In the case of a duct which has been formed from a plate strip whose edges are folded in the range of the corners, the corner region 23 with the pocket 25 may be extended a sufficient distance in order to avoid undesired deformation of the joint sections 5 and the fold will be located under the corner region 23. In this case, the dimensions of the pocket, i.e. the length of the pocket arms 27, 28, must be equal to the width of a fold on the duct 1. The dimensions of the corner region 23 may then be so selected that the corresponding arms of the corner region 23 terminate with the pocket arms 27, 25 on boundary surfaces 29, 30 which strike, in the assembled state of the flanged joint 4, against the end faces of the arms 15 on the sections 5.
In order to facilitate insertion of the arms 18 into their respective cavities 17 of the joint sections 5, the ends 31 of the arms 18 are bevelled.
A further embodiment of the angle plate 6 is represented in FIGS. 8-10 wherein similar reference numerals are utilized to identify similar parts. The pocket 25 is displaced in this angle plate 6 relative to the plane of the lateral surfaces of the corner region 23 and the arms 18 so that its base surface 32, seen from the end face of the duct, is behind both the lateral surface 24 of the corner region 23 and behind the lateral surfaces 33 of the arms 18. In this manner an angle plate having inner lateral surfaces which lie in three planes is obtained. The distance between the base surface 32 and the lateral surfaces 33 should be about three or four times the plate thickness of the duct 1 so that the front edge 21 of the duct side wall 2 projects below the lower boundary edge 26 of the pocket 25 in the assembled condition of the joint assembly and may be flanged about the boundary edge 26 into pocket 25.
Pocket 25 may receive additional packing material in order to seal the corner regions of the assembled joint in a more thorough manner.
As will be seen particularly from FIGS. 6 and 10, the arms 18 are curved so that with the joint assembly in the assembled condition the ends 31 of abutting arms 18 will produce a pincer or "lobster claw" effect. When two adjacent ducts 1, each provided with a joint assembly 100, are bolted together, the parts of the joint section 5 in the range of the ends 31 are therefore more compressed because the bolted angle plates 6 will act as a pincer thereby exerting an enhanced clamping force. Opening of the joint sections is thus prevented and the influence of dimenstional tolerance diviations of the sections 5 is reduced. The simultaneous arrangement of the arms 18 with a slanted or tilted attitude leads beyond that to a displacement of the principal compression region or point toward the outside of the sections 5 so that the greatest pressure exerted by the arms 18 will be approximately in the region designated by reference numeral 34 located along the edge area 102.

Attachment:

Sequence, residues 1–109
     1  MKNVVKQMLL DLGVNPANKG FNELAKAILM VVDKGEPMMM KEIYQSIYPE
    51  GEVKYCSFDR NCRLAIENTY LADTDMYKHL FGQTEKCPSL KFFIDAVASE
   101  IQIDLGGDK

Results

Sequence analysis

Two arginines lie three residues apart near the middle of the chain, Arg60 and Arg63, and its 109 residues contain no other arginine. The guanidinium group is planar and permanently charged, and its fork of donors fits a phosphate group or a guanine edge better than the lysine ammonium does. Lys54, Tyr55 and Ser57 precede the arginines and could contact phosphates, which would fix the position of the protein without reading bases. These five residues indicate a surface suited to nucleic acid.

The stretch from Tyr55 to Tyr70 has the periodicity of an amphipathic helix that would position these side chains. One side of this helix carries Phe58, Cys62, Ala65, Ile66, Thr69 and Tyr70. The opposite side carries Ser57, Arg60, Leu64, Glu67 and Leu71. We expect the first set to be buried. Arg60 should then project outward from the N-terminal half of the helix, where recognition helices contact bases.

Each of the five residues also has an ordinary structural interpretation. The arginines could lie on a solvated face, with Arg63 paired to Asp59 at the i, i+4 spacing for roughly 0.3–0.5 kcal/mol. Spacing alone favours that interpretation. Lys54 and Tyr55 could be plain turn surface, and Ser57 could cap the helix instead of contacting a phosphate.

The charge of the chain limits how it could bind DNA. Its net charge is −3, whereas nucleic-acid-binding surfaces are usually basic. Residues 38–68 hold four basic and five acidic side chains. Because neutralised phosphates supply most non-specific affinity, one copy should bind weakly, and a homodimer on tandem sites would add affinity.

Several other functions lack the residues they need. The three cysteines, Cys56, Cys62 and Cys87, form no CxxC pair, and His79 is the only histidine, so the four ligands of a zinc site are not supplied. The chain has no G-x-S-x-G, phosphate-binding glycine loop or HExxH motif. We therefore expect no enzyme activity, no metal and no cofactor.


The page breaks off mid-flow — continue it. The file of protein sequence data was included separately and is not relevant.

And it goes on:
Thus, it will be seen that in the construction of a joint assembly in accordance with the present invention, four joint sections such as the joint sections 5 are first placed on each end of the ducts to be joined after the joint sections have been assembled together with the angle plates 6, in the manner depicted in FIG. 2. If the ducts have a quadrilateral cross sectional configuration, four joint sections are mounted thereon with one joint section being attached to the end of one side wall of each of the ducts. The duct side walls are brought into engagement between the walls 12, 13 of the joint sections 5 and after four joint sections have been assembled together by bringing the angle plates 6 into place in the manner depicted in FIG. 2, the four joint sections are applied to the ends of a duct as represented in FIG. 3. The angle plates 6 are mounted by inserting their arms 18 into the cavity 17 formed between the walls 15, 16 of the joint sections. With the assembled joint sections and angle plates mounted upon a duct end, as shown in FIG. 3, the angle plates 6 will extend around the corners of the ducts and of the joint assembly. The ducts may then be brought together and after the packing material has been suitably located in place, for example, within the pockets 25 formed between adjacent angle plates, bols or screws may be placed through the holes 7 in the angle plates 6 and the overall assembly may be joined together by tightening of the bolts or screws extending through the angle plates 6.
As a result of the particular structure and configuration of the invention, a tight and effective sealing action is achieved with several advantages being produced as a result of the particular configuration of the elements of the invention, particularly the arms of the angle plates 6. The curvature of the arms 18 will produce a pincer effect at their abutting ends. The slanted attitude of the arms 18 will produce an area of greatest pressure outwardly of the ducts thus tending to avoid displacement of the packing material. This, together with the formation of the pockets 25 in either of the alternative manners indicated will produce an effective tight joinder assembly which is relatively simpler in design and less expensive in cost.
While specific embodiments of the invention have been shown and described in detail to illustrate the application of the invention principles, it will be understood that the invention may be embodied otherwise without departing from such principles.
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|U.S. Classification||285/405, 285/424|
|Cooperative Classification||F24F13/0209, F16L23/14|